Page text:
What do people want for Akron?

Posted September 21, 2017 at 5:00 am

By Julie Ann Madden

Editor’s Note: This is the second in a series on the visit of SaveYour.Town co-founder Deb Brown who came to Akron Sept. 5 – 7.

What do you want to see come to this town that is not already here? That is the first question SaveYour.Town cofounder Deb Brown asked Akron councilors and their 11 guests at a special council meeting Sept. 5.

The answers were:

Councilors/City Officials

• Beautification of the downtown area — restore the downtown, using the early Akron photos.

• More business in town — retail, food, anything, it doesn’t matter what.

• Business and industry to provide more local jobs.

• More residential rental properties: apartments, duplexes, townhouses for single parent families, young families, the retired.

• Night-time activities for adults and youth.

• A dentist.

• Fill empty buildings, have two bars and bowling alley come back. Build more spec buildings, too.

Akron Residents’

Comments

• Some business or industry to bring people to town — to build a workforce.

• A coffee shop/bakery.

• More businesses.

• A central resource for information on children’s programs and activities such as organized Parks & Recreation. Increase activities for youth.

• More housing.

• More local activities such as participate in flea market trails, winery trails, and be a bus tours’ stop.

• Have more young people step up — be on more boards, plan more activities.

Other Towns’ Responses

• Westfield: Increase recreational opportunities and make town more attractive by removing vacant and/or dilapidated buildings.

• Hawarden: More collaboration between towns. For example: Hawarden has a dentist so why not create a program to provide rides to theirs. Doesn’t believe every town needs one of everything. Like to see Northwest Iowa be a destination center. Like an upscale steakhouse.

• Merrill: Affordable apartment housing and businesses that pay decent living wages.

• Remsen: Housing development and a dentist. Just completed a survey on what people want.

Brown’s Comments

• If it’s a nice place to visit, it’s a nice place to live.

What makes the community a nice place to visit leads into making the town a tourist destination.

• Manufacturing is not coming back — don’t put all your eggs in one basket.

• Bravo to young councilors — remember you are here because you were elected. Praise the high percentage of voter turnout.

• A lot of communities are doing second-story housing: retail on the bottom and housing in upper stories.

• Large business/industry workers need some place to spend their money, and small towns are becoming the place to live and work in so why not do something to encourage them to spend their money here.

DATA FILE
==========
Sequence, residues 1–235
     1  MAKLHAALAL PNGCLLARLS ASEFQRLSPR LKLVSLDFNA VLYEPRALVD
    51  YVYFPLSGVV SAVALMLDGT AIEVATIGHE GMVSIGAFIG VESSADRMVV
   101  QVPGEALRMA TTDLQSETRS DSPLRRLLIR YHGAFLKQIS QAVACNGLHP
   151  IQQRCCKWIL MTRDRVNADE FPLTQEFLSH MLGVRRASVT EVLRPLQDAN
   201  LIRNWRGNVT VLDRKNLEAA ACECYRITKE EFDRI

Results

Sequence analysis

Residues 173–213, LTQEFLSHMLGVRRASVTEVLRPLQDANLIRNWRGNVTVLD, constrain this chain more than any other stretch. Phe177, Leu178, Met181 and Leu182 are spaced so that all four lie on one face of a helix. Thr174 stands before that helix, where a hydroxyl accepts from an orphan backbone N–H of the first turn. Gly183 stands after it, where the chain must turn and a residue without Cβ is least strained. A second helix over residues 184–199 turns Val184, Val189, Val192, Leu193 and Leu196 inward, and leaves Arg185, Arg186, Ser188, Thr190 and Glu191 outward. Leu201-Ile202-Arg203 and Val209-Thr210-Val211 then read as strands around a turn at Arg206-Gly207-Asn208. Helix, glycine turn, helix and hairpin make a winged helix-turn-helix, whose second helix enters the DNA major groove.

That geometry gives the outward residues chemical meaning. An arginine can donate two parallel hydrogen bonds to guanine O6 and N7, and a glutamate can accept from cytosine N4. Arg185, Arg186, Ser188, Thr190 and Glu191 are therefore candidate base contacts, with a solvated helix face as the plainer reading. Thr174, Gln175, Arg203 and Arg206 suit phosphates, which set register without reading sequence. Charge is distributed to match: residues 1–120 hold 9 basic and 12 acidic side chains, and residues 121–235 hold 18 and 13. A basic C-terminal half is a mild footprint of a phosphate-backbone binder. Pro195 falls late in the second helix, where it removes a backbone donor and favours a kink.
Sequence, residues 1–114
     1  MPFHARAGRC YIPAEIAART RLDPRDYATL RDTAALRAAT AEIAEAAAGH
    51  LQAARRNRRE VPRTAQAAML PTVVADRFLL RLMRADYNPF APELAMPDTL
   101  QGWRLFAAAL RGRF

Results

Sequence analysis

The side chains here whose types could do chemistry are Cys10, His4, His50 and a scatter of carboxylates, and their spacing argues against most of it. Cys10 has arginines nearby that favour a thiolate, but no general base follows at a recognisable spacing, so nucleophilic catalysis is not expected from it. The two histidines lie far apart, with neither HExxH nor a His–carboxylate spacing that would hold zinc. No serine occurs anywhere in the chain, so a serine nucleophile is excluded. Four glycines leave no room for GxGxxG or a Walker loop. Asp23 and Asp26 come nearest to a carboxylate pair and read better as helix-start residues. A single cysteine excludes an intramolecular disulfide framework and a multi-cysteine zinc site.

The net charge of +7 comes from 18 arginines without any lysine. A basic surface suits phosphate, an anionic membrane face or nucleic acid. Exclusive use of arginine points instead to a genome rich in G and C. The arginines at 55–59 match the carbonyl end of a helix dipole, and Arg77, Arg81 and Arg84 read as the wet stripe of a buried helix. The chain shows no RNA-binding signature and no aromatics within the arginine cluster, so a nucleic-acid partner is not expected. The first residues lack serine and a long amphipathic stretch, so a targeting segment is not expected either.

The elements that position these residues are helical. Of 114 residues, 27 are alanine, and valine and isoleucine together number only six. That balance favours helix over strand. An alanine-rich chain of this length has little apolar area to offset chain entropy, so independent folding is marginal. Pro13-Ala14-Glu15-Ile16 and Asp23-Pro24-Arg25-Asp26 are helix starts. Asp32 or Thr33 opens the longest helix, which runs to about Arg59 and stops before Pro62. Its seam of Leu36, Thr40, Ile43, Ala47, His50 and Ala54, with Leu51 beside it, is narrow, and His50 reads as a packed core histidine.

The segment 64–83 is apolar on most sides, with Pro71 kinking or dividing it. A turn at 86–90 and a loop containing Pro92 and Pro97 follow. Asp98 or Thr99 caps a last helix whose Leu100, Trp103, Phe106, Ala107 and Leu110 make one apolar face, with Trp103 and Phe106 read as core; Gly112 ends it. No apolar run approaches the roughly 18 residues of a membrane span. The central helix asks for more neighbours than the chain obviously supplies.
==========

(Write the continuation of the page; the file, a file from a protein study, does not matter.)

• Communities: be neighbors, not competitors. Build connections, talk to each other.

• Look outside the box. Example: Hamilton Hometowns group in Jewell, Iowa, sharing a dentist with other communities.

• Huge fan of Hispanic people who have come to area communities, willing to work hard at jobs we no longer want to do. Need to look to outside sources to bring people in to fill local jobs.

What makes your town special? Different from other towns?

The only thing she could come up with is there are so many people in Akron with blue and green eyes so emphasize Akron’s heritage.

Brown’s Suggestions

Take one of the things you want and use SaveYour.Town’s Idea-Friendly Concept: 1) Plant Your “Idea” Flag & Gather Your Crowd. 2) Build Connections. 3) Take Small Steps.

Example: Create more activities in Akron.

Plant that “idea” flag in the ground…To create more activities in Akron.

Gather your crowd…around people who think that way. You don’t appoint committees or put anybody in charge. You don’t have back-room meetings, you don’t have secret stuff. All should be out in the open — everybody needs to be involved.

There are no bad ideas. You don’t make decisions about which idea is good and which isn’t.

Put people in a room the size of Akron City Hall.

Ideas suggested were art classes and learning how to play bagpipes.

Someone noted there was somebody in Akron who plays bagpipes.

“That’s building your connections,” said Brown, suggested people read “Here Comes Everybody” by Clay Shirky. There will be people in the room who have connections for the ideas.

Brown reminded the group there will always be a Committee of Negativity — take the naysayers and have them be the Venture Capitalists of Ideas — they don’t get to make judgment calls.

When people bring ideas forward, listen to all the different ideas. Meet once a month or once a quarter to hear ideas.

Connections don’t have to be limited in the town — it can be a 50-mile radius or northwest Iowa, whatever the group decides.

Connect people — work together to see what is possible to bring the idea forward, including finding financial resources.

Finally, take small steps. Go talk with the connections. Don’t wait on city council to do it. Don’t wait on the Chamber of Commerce to do it. Do it yourself. Make things happen. That’s the only way ideas happen is when you do it.

“You who are here are the guys who are going to do it,” said Brown.

Some ideas she gave: making craft beer on Fridays and Saturdays in an empty building; hosting Welcome Newcomers Night; and creating tour of area empty buildings.

Other Tips

• Give out Empty Building Awards. Change building ordinance to prevent buildings left vacant.

• Tell your story. Write something once, use it six times. The more people who see the story, the more people who reach out to you.

• Use lots of signage so people can find your business — know it’s there.

• Three similar stores become a destination. Competition is not a bad word, it gets customer service.

• Check for grants at foundationcenter.org.

• Use Instragram.

• Survey what customers want.

• Have teachers connect businesses with students.

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